Bargaining, reputation and competition

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Özyurt, Selçuk (2015) Bargaining, reputation and competition. Journal of Economic Behavior and Organization, 119 . pp. 1-17. ISSN 0167-2681

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Official URL: http://dx.doi.org/10.1016/j.jebo.2015.07.010


This paper addresses the question of whether “playing the tough bargainer” is a useful strategy for rational negotiators in competitive environments. The unique equilibrium outcome of a continuous-time multilateral bargaining game between a single seller and two buyers (i.e., a three-player war of attrition game) show that it does not benefit the buyers—the long side of the market—if the probability of obstinacy is constant and independent of the initial demands. This result is robust in the sense that the buyers’ heterogeneity about their flexibility does not weaken the intensity of the competition. When the seller decides which buyer to negotiate first, he not only chooses his bargaining partner but also picks his outside option. The seller can strengthen his bargaining position against both buyers by picking the unattractive buyer, who is greedier or tougher than the other buyer, first and by leaving the attractive buyer aside because he starts the sequel with a strong outside option.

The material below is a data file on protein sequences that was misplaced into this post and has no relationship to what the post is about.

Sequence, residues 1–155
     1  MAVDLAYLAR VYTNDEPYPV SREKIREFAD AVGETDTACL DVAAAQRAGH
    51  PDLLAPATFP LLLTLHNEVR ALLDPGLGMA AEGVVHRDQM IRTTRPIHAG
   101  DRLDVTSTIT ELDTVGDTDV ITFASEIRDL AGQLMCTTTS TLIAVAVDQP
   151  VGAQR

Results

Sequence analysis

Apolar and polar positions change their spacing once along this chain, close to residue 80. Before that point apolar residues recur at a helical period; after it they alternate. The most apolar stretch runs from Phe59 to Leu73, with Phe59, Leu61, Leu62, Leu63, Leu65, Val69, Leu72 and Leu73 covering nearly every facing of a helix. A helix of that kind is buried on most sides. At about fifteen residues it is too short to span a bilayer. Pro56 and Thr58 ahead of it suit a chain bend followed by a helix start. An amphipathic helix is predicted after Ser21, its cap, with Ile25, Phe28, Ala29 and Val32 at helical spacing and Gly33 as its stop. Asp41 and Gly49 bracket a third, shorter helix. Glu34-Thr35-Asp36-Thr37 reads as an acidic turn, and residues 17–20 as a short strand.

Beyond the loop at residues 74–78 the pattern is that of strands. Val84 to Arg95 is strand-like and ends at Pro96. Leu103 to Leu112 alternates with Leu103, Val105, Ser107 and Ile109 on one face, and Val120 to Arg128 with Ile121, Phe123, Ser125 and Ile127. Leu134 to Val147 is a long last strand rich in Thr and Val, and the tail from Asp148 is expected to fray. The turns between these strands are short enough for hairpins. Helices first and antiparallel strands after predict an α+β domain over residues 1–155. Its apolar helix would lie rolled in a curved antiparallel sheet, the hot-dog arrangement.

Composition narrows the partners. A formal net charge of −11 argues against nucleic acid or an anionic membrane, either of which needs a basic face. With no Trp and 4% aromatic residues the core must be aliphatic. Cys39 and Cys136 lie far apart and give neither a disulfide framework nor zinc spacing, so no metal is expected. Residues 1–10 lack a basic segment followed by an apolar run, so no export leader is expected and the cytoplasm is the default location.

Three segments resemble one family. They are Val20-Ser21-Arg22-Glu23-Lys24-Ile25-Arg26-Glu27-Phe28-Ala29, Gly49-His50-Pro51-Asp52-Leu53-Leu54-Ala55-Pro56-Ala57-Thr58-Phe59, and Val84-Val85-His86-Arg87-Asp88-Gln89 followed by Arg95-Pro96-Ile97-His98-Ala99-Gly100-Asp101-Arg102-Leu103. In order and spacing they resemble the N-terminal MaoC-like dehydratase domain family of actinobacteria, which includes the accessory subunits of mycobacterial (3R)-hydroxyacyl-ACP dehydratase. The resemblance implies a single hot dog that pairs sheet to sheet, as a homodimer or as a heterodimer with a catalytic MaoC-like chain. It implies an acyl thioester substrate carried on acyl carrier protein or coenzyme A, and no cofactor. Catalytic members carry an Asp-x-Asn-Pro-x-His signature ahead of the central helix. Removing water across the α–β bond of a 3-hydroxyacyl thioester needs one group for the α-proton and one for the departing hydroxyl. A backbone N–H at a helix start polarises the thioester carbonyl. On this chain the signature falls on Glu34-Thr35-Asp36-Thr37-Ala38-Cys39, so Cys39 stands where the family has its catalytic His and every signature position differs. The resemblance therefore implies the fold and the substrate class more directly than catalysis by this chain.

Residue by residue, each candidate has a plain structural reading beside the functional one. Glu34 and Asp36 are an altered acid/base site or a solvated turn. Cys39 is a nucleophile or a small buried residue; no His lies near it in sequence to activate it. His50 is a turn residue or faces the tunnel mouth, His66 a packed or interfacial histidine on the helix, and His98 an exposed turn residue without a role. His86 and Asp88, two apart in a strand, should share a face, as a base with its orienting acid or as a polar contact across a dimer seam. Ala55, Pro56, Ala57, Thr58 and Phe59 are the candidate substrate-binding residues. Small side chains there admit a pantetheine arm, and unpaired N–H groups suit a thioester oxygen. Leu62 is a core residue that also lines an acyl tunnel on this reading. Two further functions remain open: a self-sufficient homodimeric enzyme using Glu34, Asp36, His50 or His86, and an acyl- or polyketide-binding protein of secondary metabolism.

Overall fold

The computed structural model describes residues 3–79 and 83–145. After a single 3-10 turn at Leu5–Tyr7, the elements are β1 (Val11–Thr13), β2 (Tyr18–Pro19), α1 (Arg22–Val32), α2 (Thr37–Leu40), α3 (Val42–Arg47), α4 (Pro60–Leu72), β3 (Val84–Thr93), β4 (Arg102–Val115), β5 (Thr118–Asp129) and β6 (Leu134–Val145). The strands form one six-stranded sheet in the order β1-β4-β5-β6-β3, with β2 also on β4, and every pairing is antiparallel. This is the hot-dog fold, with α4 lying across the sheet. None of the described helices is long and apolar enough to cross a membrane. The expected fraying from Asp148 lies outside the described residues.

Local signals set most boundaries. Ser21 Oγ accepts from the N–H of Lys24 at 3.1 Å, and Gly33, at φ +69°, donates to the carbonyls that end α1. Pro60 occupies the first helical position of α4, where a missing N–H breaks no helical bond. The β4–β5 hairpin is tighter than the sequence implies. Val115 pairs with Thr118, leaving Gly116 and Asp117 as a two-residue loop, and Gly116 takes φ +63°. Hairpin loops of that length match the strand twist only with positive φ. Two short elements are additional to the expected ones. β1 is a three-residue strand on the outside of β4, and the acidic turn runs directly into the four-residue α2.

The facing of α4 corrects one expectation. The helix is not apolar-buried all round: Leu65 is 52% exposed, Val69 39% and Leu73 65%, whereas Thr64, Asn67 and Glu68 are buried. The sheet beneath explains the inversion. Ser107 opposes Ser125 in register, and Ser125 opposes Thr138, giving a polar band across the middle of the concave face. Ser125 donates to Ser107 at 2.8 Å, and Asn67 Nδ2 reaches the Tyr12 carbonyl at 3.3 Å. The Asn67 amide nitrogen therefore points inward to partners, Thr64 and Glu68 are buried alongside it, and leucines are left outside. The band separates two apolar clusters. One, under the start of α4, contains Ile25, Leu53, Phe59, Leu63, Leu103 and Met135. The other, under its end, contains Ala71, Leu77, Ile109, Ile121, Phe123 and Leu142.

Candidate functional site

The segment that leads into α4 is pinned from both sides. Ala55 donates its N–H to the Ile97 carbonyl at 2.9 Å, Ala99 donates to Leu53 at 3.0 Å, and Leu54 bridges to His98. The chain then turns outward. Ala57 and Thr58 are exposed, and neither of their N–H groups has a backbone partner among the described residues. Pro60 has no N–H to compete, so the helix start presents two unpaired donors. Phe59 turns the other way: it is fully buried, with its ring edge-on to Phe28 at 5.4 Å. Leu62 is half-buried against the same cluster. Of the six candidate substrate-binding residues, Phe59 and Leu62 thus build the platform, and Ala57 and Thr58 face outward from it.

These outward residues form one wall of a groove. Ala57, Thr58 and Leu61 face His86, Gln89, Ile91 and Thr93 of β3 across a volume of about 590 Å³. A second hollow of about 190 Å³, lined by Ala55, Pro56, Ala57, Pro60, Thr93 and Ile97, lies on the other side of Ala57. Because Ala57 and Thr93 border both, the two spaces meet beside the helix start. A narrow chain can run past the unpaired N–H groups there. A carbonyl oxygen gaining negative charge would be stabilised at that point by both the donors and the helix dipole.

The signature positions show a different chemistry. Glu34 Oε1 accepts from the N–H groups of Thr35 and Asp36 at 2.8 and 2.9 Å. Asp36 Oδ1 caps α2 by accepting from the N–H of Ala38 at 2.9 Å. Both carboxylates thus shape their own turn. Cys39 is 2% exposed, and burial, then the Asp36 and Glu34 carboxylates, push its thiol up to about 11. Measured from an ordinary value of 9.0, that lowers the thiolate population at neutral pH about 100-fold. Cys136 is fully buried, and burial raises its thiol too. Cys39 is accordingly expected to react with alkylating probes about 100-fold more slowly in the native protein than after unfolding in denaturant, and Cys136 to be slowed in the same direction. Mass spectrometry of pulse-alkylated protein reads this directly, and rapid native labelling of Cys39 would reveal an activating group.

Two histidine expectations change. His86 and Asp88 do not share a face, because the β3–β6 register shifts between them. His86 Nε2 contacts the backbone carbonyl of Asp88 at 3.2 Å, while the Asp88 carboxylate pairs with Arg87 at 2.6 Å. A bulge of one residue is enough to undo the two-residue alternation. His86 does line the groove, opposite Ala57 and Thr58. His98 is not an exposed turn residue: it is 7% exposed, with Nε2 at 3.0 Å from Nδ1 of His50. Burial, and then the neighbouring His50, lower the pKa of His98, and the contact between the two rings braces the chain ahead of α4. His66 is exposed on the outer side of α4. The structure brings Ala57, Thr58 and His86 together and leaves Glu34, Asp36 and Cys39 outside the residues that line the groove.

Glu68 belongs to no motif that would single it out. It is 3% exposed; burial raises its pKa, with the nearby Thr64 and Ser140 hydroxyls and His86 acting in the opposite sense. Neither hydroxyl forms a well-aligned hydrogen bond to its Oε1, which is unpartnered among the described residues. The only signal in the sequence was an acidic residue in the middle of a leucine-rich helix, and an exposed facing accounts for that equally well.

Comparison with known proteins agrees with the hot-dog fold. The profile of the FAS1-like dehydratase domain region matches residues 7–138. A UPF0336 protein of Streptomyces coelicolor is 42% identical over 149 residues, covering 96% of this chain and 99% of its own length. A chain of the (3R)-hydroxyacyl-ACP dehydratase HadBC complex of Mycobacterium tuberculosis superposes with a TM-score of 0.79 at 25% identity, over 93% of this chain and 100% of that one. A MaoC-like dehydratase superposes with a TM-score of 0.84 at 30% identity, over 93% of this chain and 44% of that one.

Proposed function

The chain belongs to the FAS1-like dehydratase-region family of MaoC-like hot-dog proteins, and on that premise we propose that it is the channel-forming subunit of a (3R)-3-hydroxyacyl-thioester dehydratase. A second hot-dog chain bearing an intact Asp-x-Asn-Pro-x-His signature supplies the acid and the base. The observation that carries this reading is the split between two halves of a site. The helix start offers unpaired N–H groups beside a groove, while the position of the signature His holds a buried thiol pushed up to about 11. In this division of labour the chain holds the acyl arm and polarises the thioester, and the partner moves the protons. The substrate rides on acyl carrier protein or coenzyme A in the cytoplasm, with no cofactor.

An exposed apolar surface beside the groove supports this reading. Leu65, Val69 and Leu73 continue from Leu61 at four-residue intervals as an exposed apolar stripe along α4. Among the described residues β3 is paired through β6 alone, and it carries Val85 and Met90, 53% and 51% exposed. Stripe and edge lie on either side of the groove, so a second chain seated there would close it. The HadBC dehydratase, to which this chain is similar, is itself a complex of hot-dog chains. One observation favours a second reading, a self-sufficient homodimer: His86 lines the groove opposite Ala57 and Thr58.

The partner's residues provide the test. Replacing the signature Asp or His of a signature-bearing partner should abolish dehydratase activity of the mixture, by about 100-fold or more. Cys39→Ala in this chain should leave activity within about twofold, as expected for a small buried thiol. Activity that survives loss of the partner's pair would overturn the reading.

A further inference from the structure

Item Type:Article
Uncontrolled Keywords:Commitment; Obstinacy; Continuous-time competitive multilateral bargaining game; Monopoly
Subjects:H Social Sciences > HB Economic Theory
ID Code:27981
Deposited By:Selçuk Özyurt
Deposited On:18 Dec 2015 22:47
Last Modified:23 Aug 2019 12:46

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